Apprenticeships as the alternative to racking up a ton of debt at university has gained ground in the great ‘where to go after school’ debate, but until parents are reassured with a defined career path, many will be reluctant to encourage their youngsters to pursue this route immediately after GCSEs.
So as we head into National Apprenticeship Week (14-18 March) this week and with this year’s GCSE exams looming, would I be prepared to allow my child to take up an apprenticeship at 16.
The answer is a resounding no.
Am I being too snobbish? Am I completely sold on the government’s drive to academia? Do I think a degree is the only way to get ahead?
No to the first two but possibly yes to the third. With around 40% of youngsters educated to degree level (depending on which data you use), we have made it practically a prerequisite that a degree is needed to progress. Take a look at job ads for professional and managerial roles and a degree is practically mandatory.
You can’t blame parents for encouraging their kids to take a path that’s seemingly more likely to take them along a path which has the lure of a clearly defined career ladder and the suggestion it can be continually climbed, even if does mean they’re in debt to the tune of an average £45k at the age of 21.
Post A Level and the offer of higher apprenticeships is more attractive to parents and their off-spring, university remains a possibility and the opportunity to progress to level 5 or degrees with the employer feels much more tangible. I think it’s hardly surprising that most parents and teenagers stick with the sixth form option at 16.
The automotive retail sector has a long history of apprenticeships with technicians typically taking up three-year apprenticeships after GCSEs. But these apprenticeships take their charges to around level 3 or A level standard. What then? It just stops?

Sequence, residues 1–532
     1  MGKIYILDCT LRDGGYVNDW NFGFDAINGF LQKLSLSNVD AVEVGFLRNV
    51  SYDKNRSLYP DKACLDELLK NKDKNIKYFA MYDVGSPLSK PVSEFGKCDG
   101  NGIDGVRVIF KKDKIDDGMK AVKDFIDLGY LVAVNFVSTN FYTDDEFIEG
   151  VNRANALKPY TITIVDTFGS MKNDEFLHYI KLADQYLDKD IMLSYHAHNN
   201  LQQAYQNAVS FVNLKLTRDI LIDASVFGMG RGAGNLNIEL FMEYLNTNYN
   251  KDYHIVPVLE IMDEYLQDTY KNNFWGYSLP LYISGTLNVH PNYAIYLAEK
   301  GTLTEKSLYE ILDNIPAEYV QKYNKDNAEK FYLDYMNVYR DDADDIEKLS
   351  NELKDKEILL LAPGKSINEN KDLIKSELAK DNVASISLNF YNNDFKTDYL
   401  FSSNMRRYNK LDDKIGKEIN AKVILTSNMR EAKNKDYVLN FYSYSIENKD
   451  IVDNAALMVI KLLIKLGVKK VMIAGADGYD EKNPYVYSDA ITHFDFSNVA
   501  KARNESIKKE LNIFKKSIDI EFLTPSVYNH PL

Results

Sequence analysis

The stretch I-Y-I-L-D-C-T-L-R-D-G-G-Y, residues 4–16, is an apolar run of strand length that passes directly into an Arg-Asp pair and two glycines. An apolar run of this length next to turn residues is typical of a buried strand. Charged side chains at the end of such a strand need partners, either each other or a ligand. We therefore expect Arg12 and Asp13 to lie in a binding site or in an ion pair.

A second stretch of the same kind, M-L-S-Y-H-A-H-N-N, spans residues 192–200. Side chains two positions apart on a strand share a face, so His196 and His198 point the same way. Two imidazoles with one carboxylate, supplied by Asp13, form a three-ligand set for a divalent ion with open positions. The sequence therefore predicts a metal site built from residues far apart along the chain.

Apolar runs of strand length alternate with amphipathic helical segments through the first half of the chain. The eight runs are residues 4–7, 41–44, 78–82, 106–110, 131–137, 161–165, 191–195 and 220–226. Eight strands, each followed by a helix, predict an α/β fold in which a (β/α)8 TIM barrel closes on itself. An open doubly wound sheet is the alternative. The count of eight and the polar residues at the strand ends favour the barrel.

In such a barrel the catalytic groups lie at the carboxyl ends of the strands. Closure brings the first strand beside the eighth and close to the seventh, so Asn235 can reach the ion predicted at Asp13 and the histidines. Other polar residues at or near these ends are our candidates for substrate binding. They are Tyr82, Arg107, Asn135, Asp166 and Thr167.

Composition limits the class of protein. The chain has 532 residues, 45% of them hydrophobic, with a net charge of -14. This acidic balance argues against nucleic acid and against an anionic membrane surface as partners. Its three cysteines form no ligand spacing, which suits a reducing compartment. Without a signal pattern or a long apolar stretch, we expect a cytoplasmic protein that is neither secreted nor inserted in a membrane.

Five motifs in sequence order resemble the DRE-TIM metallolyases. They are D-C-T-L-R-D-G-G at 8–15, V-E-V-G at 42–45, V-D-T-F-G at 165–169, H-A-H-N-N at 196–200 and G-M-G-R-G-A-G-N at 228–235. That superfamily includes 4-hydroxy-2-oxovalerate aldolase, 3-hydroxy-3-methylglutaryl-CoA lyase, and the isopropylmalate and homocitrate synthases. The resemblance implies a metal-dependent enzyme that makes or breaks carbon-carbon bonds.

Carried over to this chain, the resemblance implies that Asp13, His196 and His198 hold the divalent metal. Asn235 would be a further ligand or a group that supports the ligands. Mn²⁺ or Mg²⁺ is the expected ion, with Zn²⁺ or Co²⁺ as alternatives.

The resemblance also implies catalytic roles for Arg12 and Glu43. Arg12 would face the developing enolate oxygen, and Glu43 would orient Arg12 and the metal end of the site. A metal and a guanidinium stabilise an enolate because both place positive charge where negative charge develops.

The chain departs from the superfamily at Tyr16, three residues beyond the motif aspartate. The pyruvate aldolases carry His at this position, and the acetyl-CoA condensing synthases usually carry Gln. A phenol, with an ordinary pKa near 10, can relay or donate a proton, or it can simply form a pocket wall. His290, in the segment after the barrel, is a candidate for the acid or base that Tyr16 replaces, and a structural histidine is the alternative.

Well no, the Institute of the Motor Industry, the sector’s professional guardian and the organisation which oversees the industry’s qualifications, also delivers a level 5 automotive management qualification.
However, trying to find a defined career path for little Johnny or Jemima who happen to take up a vehicle maintenance apprenticeship once qualified is seriously lacking. How many youngsters progress onto this programme once their apprenticeship has finished, at what age can they begin working towards level 5, what do they have to do to ensure they move onwards and upwards and what reassurances are there from the employer that they will continue to progress their apprentices once qualified?
The automotive retail sector has a fantastic showroom and to a lesser extent, workshop to boardroom heritage which has seen many a sales executive scale the heights of management to find themselves in envious director level positions and even in the seat of the chair. Whilst there are some excellent examples of top directors and CEOs having started their careers as apprentices, they are still not quite as representative in number as their sales counterparts. To some extent, the level 5 automotive management qualification is helping to rectify that, providing a means for employees to move up the management ladder.
According to Steve Nash, CEO of the IMI, the automotive retail sector needs 12,000 apprentices just to stand still . Despite the record numbers of new car registrations and the industry crying out for high calibre school leavers to take on the apprenticeship roles, the number of recruits has stagnated.
Nash identifies part of the problem as being a lack of good careers guidance in schools after the service was axed in 2012 and schools which push their students down the academic route encouraging them to stay on post GCSE with the end goal often being university.
I consider myself an open-minded parent. I was educated to post graduate status and my friends are a real mix of graduates and non-graduates. Both my ex-husband and partner are not graduates. My eldest daughter wants to be a vet so her route to university was inevitable. My middle daughter loves languages and wants to study Mandarin so whilst she has no idea of a career path, uni is the obvious place for her. My son is another matter. He had toyed with a medical career – doctor or paramedic; then engineering was a possibility; now it’s computing.